Why go with the gut reaction? Because if you’re like me, you are usually more often right when going with your gut feeling over doing a ton of research and then deciding.

It happens to me in fantasy football all the time. Early in the week, I go with my “gut” line-up for the following Sunday. As the week goes on and I become more “educated” about the state of the players and their upcoming opponents, I often make changes to my starting line-up, only to regret those changes come Sunday as I think to myself, “I should have just gone with my gut!

 Here it goes …

Oregon’s 2020 Schedule

Sept. 26: Colorado: There was an initial fear that Utah was going to be the opener, but alas, it is Colorado. Colorado at home is about the best that we could ask for in a conference-only schedule. Win. 

Eugene Johnson

Popo Aumavae on the rumble.

Oct. 3: at Washington State: With a new coach and new quarterback, the Cougs have plenty of questions going into the season. But one thing we can never discount with WSU is the danger factor. They will still be running a wide-open, pass-heavy offense. Be nervous entering the game, but pleasantly relaxed after the Ducks win solidly.  Win.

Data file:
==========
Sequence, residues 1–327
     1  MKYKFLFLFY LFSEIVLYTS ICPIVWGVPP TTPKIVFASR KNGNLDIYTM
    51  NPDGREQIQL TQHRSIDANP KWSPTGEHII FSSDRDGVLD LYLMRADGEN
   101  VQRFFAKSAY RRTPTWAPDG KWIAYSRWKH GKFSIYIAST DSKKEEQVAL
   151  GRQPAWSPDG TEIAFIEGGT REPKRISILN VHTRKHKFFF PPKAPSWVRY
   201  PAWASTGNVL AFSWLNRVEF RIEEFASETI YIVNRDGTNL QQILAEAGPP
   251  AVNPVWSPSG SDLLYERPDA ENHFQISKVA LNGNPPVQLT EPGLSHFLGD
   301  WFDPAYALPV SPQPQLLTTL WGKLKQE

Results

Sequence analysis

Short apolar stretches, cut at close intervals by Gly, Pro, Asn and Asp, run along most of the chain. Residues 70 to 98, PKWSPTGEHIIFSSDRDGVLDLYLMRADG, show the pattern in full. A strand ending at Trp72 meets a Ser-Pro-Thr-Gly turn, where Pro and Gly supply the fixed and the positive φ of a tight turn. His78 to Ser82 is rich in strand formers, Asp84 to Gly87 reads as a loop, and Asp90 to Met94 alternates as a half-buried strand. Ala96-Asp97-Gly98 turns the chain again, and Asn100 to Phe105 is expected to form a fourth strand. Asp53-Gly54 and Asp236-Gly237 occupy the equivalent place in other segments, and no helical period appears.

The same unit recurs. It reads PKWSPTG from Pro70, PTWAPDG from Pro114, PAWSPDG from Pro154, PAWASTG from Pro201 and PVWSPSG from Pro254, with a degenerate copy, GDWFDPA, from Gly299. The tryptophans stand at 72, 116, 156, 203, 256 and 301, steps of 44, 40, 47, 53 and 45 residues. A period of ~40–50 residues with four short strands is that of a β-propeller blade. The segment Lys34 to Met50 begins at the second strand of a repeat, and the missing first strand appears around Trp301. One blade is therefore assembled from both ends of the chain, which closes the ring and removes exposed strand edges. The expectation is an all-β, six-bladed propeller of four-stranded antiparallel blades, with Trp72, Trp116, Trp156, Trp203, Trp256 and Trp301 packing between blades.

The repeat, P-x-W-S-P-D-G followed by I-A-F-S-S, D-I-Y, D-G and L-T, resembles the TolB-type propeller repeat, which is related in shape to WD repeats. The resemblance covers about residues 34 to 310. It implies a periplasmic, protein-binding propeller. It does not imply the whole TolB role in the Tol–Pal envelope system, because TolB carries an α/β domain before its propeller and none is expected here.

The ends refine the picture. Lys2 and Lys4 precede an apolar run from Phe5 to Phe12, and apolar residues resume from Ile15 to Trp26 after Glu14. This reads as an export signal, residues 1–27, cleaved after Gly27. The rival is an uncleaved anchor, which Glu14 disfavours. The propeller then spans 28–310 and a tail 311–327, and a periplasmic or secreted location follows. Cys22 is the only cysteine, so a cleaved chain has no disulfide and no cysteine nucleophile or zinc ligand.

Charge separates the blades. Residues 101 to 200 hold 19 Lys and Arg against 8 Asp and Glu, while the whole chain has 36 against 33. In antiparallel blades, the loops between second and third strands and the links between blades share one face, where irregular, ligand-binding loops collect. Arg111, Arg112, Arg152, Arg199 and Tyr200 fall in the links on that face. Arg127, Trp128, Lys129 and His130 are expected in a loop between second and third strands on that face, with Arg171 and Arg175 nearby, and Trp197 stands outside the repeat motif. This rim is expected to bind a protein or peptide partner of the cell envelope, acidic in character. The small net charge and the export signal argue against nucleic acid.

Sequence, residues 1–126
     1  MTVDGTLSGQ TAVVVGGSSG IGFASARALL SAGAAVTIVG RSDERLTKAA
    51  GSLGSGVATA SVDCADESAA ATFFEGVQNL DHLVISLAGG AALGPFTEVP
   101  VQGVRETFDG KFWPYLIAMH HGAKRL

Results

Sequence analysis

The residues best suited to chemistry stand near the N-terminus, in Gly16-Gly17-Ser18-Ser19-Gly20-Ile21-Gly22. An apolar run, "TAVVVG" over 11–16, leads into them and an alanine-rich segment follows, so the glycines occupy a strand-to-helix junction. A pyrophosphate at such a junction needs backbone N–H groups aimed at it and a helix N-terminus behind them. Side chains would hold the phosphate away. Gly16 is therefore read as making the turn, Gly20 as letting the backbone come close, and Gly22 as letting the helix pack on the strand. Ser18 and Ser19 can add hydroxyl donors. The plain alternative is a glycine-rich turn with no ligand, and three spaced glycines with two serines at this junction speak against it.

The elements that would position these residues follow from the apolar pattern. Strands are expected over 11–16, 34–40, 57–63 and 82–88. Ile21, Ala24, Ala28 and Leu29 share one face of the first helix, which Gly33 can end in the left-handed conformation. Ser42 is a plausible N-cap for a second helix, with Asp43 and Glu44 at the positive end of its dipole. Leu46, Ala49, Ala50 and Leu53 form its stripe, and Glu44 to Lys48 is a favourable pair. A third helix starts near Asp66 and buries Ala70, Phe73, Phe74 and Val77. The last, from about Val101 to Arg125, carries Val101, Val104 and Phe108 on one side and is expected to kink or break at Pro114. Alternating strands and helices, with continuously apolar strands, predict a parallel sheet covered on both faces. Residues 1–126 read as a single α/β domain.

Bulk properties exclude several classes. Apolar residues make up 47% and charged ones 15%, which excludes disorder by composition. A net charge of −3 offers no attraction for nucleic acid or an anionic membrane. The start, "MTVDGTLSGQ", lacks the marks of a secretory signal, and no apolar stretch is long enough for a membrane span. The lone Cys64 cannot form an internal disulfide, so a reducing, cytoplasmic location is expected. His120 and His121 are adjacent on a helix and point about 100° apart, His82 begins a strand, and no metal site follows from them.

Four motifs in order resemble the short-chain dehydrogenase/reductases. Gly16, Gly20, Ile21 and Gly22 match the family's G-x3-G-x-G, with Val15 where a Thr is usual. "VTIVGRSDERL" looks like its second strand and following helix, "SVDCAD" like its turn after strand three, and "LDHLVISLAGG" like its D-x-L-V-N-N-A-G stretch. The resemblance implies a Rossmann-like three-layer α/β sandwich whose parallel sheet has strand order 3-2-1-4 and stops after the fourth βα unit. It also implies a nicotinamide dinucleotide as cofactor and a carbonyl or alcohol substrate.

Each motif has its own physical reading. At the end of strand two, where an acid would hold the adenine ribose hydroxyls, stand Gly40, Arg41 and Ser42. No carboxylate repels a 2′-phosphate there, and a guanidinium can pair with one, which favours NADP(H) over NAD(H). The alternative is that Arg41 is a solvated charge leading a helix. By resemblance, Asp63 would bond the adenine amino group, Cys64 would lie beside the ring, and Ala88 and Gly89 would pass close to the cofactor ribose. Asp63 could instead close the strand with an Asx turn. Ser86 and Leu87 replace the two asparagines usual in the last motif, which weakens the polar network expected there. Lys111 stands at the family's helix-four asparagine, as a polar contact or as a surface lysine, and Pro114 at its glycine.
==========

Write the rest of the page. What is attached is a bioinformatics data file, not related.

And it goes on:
Oct. 9: Arizona State: Last year’s “ugh” game. There should be a serious revenge factor working in the Ducks’ favor. ASU is dangerous, but not up to the talent level of the Ducks. I expect a solid Oregon victory as by game three, as the new Oregon offense should be clicking. Win.

Oct. 17: at Oregon State: That’s right, the new Oregon offense should be clicking just in time to knock the snot out of the Beavers. While the Beavs are improving, they still have a long way to go. Playing the Beavers in October will be a nice little change for once. Win.

Oct. 31: Washington: Washington’s off-season with the promotion of new head-coach Jimmy Lake has seemed a bit underwhelming, as recruiting is down this year for the Huskies. Is this a sign of things to come under Lake? The Ducks should be better and should come out on top. Win.

Nov. 7: at Cal: I’m not buying the hoopla that Cal is going to have a 10-win season and win the northern division. as some outlets have suggested. They have Oregon great Bill Musgrave as the new OC, but do they have players? The QB play at Cal has been underwhelming, to say the least, the past few seasons. Win.